I am a lone wolf who likes to code and explore the world of programming in any way possible. I also enjoy contributing to open source projects, especially Drupal. In the beginning, I didn’t think I’d come this far, but I started getting confidence as I was getting near the end of GCI. A moment I’ll never forget is, of course, my first core commit. While GCI was organized wonderfully, I think that GCI should last longer. I mean, we could have completed more challenging and interesting tasks…
Tanesh Chuckowree, Top 10 ’17 (Ubuntu) 🇲🇺
I’m a proud user of Linux and I only recently started learning about programming. To be honest, I participated in GCI because one of my really good friends asked me if I would be willing to participate. Ubuntu was not really my first choice, but one of my mentors asked me to take up Ubuntu and I can’t say I regret that decision. At first, I thought I would be regretting participating in GCI since it would mean sacrificing my holidays, but gradually it became more awesome and l don’t think there is an adjective out there to describe how much fun I had.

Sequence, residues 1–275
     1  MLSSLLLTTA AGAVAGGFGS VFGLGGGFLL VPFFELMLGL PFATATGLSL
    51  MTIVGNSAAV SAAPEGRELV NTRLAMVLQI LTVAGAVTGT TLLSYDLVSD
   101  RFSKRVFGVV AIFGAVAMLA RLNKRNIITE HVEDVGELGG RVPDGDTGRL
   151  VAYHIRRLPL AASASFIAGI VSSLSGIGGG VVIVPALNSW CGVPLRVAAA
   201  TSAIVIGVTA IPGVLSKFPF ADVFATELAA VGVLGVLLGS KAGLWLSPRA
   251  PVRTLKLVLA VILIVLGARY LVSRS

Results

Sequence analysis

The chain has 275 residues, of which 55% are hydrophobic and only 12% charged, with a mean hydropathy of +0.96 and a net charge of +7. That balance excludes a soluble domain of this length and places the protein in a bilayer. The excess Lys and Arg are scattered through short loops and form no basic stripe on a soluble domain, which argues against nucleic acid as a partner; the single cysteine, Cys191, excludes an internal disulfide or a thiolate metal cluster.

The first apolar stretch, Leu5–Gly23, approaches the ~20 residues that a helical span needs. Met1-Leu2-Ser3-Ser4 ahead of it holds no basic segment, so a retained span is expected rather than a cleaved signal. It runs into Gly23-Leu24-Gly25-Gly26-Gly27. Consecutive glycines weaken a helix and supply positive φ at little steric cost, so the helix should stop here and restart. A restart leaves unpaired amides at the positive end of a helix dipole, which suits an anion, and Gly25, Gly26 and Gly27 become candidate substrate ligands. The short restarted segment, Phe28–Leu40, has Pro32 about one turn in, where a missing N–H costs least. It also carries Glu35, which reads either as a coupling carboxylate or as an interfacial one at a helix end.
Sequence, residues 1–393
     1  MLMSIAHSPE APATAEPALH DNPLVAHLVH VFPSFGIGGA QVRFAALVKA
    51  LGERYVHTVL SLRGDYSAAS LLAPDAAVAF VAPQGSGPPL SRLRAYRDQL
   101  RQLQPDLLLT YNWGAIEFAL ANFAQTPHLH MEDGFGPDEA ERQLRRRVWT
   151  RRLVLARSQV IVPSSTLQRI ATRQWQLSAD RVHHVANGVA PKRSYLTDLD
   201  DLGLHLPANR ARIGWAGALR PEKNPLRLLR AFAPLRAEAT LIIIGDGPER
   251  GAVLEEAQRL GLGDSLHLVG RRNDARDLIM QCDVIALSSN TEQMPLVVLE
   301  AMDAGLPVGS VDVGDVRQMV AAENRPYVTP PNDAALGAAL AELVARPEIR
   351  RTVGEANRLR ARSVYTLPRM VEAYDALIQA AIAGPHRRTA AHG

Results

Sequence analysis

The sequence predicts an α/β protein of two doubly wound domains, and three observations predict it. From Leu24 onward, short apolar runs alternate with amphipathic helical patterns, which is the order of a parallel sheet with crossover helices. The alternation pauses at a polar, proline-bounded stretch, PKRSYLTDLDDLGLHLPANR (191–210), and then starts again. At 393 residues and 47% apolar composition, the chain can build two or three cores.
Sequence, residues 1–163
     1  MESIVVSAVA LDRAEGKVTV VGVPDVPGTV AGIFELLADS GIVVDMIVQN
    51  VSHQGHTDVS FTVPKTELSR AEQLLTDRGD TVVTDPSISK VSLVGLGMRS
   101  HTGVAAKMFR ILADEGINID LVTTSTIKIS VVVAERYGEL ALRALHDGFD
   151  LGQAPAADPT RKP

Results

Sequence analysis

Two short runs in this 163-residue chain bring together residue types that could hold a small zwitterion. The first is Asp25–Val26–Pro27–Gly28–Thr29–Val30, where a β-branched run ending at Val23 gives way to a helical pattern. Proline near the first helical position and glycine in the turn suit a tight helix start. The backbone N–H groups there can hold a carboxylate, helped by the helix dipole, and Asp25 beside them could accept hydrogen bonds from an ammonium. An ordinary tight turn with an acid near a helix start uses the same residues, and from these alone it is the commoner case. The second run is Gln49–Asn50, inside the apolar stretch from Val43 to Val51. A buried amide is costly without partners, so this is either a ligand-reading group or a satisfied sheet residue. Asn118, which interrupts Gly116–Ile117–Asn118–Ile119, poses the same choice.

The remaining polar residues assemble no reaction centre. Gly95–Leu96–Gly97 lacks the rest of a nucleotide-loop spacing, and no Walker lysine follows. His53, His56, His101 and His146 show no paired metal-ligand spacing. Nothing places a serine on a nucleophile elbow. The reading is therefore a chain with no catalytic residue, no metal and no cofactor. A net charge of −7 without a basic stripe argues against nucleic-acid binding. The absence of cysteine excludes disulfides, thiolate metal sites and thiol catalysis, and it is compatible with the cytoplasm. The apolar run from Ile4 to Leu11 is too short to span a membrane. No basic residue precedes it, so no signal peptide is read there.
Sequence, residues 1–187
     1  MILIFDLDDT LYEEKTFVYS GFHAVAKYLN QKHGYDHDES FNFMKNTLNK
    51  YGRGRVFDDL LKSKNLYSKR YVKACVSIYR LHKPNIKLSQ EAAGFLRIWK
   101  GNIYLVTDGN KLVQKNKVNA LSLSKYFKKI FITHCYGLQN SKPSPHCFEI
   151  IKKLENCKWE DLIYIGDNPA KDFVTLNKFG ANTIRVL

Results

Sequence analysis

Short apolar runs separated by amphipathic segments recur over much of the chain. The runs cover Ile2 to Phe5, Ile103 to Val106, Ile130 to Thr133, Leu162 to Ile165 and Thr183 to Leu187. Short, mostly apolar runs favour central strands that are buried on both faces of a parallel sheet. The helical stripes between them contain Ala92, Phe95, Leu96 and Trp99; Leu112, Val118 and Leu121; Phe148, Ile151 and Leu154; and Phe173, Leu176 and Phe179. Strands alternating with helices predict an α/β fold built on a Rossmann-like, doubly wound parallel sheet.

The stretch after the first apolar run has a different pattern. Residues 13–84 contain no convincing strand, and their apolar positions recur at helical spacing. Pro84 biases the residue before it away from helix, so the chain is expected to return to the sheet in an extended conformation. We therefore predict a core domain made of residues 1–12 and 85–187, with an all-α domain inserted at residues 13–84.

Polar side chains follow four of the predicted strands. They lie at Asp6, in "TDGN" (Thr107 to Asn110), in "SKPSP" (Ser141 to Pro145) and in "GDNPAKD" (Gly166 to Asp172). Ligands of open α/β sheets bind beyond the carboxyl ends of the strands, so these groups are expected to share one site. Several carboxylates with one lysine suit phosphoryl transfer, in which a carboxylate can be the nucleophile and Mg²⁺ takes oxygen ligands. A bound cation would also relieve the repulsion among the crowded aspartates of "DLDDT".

Kartik Goel, Finalist ’17 (Drupal) 🇮🇳
Those one and a half months were probably the best times I’ve had. Initially, I was a little fed up like I was not getting how the things were working, but later with time, I explored things, tried my best to contribute to the community of my organization. Now, due to GCI, I feel like I’m personally attached to the community. Apart from learning and work, GCI overall was fun. I got to talk to students and mentors from all over the world with their own stories, having different skills. IRC was a very good place to chat and the best place to have fun :)
Konrad Klawikowski, Participant ’17 (Drupal) 🇵🇱
My name is Konrad, I’m from Poland, I like programming and all IT stuff including encrypting data, blockchains and many more! I do not know how to describe it, but the Drupal tasks were very diverse and everyone could find something for themselves. I had a lot of fun during GCI, I met new friends from several countries like India, Mauritius, US and Canada. I liked the contest and that was my first year, but I think I’ll go for more. In Drupal are some of the nicest and most clever people I have ever met; who respect me and have common interests with me. Thank you guys, I love you all ❤. I think I do have a future in Drupal. What am I going to do next? One man once said “Go big, or go home” and another stated, “People who are crazy enough to think they can change the world are the ones who do”. That’s all I will say about my plans.
Dhanat Thew, Winner ’16 (Drupal) 🇹🇭